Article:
September 2019
Volume 19, Issue 10
Open Access
Vision Sciences Society Annual Meeting Abstract  |   September 2019
The Importance of Within-Person Variability in Appearance in Adults’ and Children’s Face Learning
Author Affiliations & Notes
  • Claire M Matthews
    Psychology, Brock University
  • Kay L Ritchie
    Psychology, University of Lincoln
  • Sarah Laurence
    Psychology, Keele University
  • Catherine J Mondloch
    Psychology, Brock University
Journal of Vision September 2019, Vol.19, 138d. doi:
  • Views
  • Share
  • Tools
    • Alerts
      This feature is available to authenticated users only.
      Sign In or Create an Account ×
    • Get Citation

      Claire M Matthews, Kay L Ritchie, Sarah Laurence, Catherine J Mondloch; The Importance of Within-Person Variability in Appearance in Adults’ and Children’s Face Learning. Journal of Vision 2019;19(10):138d.

      Download citation file:

      © ARVO (1962-2015); The Authors (2016-present)

  • Supplements

By age 6, children recognize ambient images of familiar faces without error, but accuracy for unfamiliar faces increases between 5 and 12 years of age (Laurence & Mondloch, 2016). When memory demands are high (i.e., a face is learned via video) children require exposure to high within-person variability in appearance (HV) to learn a new face; they learn if the video is captured across 3 days, but not a single day (LV). Adults learn in both the HV and LV conditions. In a purely perceptual task, children show adult-like learning from just 6 images captured on different days (Matthews et al., 2018). We examined whether adults and children show evidence of learning after viewing 6 images captured on the same day in a perceptual matching task. Children and adults (n=18/group) read a story about three characters (targets) embarking on adventures. Along the way, they collected either 6 LV images (captured on one day), 6 HV images (captured on different days) or a single image of the target. At test, they were asked to identify novel target images presented amongst distractors, while collected images remained visible. Young children (4–5 years) showed no evidence of learning. Older children (6–12 years) and adults recognized more novel target images in the HV than LV or single image condition (ps < .037); nearly all participants showed evidence of learning. There was no evidence of learning in the LV condition. Misidentification errors were rare. Viewing 6 images of an identity across a single encounter is insufficient for learning. Viewers require exposure either to variability in appearance across several encounters to learn a new face or to more photos (at least 10, Ritchie & Burton, 2016; Baker et al., 2017) if taken from the same day. Our results have implications for models of development and applied settings.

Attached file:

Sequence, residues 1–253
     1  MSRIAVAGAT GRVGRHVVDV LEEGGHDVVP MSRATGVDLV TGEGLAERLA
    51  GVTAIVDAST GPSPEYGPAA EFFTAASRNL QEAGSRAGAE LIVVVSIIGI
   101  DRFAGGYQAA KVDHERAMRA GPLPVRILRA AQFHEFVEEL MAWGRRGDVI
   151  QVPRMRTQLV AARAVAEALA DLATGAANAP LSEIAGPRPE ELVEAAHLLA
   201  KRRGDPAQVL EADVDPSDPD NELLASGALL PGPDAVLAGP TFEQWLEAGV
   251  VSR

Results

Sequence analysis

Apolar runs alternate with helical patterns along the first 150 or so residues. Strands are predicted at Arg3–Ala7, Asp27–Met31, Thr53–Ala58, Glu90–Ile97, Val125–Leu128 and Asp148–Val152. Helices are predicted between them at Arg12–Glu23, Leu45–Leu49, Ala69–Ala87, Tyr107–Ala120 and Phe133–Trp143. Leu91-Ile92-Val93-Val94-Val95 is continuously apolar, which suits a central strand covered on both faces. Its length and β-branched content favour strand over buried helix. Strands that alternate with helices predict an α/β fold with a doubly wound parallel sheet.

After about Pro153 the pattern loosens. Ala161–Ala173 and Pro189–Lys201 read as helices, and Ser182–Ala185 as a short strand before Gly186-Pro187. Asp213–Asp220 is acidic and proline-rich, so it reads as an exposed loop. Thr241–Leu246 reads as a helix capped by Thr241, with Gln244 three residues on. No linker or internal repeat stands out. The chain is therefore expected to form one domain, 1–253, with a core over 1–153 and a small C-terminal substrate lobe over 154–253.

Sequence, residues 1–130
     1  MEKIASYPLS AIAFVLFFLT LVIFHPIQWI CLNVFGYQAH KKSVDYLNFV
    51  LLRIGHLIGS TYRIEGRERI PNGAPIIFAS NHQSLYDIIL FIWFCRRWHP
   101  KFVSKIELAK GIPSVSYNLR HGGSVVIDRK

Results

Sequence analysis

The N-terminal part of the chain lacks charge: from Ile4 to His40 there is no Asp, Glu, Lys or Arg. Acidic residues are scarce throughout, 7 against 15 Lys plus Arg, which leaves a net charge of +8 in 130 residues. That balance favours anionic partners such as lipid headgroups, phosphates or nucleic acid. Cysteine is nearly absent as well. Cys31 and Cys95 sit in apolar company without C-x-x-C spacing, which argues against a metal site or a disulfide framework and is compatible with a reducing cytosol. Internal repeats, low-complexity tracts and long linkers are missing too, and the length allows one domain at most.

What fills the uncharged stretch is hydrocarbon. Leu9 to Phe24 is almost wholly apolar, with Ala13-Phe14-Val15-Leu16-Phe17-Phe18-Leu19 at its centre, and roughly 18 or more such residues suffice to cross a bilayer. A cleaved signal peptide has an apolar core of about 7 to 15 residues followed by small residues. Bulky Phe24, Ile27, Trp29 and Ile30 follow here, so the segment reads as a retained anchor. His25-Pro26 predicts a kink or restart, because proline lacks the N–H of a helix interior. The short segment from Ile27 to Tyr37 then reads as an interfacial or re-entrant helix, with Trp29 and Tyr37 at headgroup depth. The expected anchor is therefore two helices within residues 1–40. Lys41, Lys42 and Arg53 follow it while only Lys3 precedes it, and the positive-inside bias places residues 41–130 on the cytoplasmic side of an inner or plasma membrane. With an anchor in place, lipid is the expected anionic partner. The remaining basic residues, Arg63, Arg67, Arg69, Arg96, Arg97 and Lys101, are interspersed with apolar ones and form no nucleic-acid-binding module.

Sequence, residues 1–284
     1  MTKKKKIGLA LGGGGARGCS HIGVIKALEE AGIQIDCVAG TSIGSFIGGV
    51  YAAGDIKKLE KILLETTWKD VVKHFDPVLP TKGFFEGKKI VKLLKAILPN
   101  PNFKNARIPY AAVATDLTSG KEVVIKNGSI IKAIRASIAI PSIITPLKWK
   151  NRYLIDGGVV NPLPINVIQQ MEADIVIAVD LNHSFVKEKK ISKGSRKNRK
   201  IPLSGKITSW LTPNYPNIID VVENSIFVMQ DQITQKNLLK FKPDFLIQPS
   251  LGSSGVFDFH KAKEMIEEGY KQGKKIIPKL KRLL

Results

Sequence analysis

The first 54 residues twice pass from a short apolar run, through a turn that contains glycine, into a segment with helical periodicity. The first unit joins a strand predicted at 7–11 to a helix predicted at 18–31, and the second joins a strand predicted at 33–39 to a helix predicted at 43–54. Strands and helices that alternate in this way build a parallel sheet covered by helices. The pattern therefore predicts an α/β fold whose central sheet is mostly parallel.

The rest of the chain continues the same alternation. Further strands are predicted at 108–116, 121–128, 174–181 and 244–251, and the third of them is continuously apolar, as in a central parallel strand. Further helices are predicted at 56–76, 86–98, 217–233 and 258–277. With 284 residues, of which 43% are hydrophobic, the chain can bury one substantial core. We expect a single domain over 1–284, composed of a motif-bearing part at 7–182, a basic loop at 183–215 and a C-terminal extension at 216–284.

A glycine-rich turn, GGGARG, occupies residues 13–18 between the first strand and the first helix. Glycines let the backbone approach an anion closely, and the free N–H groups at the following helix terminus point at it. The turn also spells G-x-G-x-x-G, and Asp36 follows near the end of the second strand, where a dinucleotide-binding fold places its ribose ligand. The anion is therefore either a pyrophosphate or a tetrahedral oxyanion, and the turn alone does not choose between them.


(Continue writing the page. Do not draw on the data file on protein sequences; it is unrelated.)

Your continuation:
Acknowledgement: NSERC 

This PDF is available to Subscribers Only

Sign in or purchase a subscription to access this content. ×

You must be signed into an individual account to use this feature.